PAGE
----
This couple were photoing themselves outside Westminster Abbey, with themselves in the foreground, and Westminster Abbey’s twin towers in the background. But not just Westminster Abbey in a general sort of way behind them. They wanted the camera looking up at them, and past them, to the top of Westminster Abbey, to those twin towers, and to the blue sky above them. A much more dramatic shot.
Imagine getting a passing stranger to take that shot. Try getting me to take that shot. Even if I was willing to crouch down, how would I know what was on the screen? How would I compose the shot? I wouldn’t. I couldn’t. It would be a random mess.
The only way they could get this shot was with a selfie stick.
I am not saying that they realised they wanted this sort of shot, and got a selfie stick in order to get it. Well, maybe they did. But what is far more probable is that they they got their selfie stick, just to take good selfies instead of begging incompetent strangers like me to take bad unselfies. And at first they took regular selfies, with the camera in the same sort of position as it would have been if someone like me had been holding it in the regular way, at a regular height.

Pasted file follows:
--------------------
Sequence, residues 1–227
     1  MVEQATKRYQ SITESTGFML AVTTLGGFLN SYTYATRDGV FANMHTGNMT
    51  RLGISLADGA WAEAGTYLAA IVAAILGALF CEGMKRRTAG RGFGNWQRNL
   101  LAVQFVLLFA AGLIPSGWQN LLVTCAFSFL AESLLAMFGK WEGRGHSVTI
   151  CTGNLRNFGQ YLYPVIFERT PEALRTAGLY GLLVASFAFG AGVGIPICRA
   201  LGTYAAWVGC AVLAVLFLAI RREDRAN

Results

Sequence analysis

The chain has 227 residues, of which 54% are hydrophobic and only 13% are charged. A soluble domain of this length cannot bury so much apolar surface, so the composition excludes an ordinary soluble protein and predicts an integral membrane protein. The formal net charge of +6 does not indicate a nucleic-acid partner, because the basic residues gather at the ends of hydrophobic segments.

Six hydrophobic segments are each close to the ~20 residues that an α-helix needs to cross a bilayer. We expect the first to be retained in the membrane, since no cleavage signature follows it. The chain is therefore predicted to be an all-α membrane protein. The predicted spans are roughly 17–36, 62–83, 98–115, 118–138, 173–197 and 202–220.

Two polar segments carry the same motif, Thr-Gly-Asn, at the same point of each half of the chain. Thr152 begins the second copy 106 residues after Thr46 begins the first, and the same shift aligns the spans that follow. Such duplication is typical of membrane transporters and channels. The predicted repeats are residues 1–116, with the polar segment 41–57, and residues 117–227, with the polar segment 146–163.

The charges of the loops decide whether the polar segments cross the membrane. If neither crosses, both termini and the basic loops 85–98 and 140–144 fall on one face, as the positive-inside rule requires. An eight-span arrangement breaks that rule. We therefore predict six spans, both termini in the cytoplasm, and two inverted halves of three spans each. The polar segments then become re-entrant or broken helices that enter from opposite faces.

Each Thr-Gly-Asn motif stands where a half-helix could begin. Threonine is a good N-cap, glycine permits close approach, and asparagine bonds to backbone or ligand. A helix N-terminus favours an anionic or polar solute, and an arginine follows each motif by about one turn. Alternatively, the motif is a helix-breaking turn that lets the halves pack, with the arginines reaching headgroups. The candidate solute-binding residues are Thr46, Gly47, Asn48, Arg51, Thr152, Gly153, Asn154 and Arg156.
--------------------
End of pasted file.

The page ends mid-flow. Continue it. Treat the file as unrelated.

But then they realised that they could point the selfie stick in any direction they liked and could place the camera any place they want to that the selfie stick could reach. It could go straight up in the air, or straight down, or partly down but right near the ground, as here. With it, they could choose the exact background they wanted and compose the shot perfectly. And as any photographer, even an amateur like me, will tell you, background is everything when you are shooting head shots.
Selfie sticks are great. Personally, I am not into taking self-portraits, except when I am reflected in the scene I am photoing, so I don’t need a selfie stick and I don’t have one. Above all, I don’t want a selfie stick because mostly I go photoing on my own. I very seldom need to be taking group shots that include me, the way people are if they are on their honeymoon, say. But just because I don’t need a selfie stick doesn’t mean that nobody else needs a selfie stick and that all who have selfie sticks should be yelled at.
I took the above shot of the selfie stick in action on the same day I took this photo.
No not taken by me. I wish. The original and several others of the same guy that are equally fun, here.
I chose that one because, in addition to showing the artist and his murals, it also shows what a fight reinforced concrete puts up, when someone tries to destroy it. (A point also made, with an illustration (yes taken by me) in this earlier posting.)
And this one has a camera!:
It’s like the internet can read my mind.
Am I happy about that? Are you?
More to the point, what are the rules about flying one of these things around in London?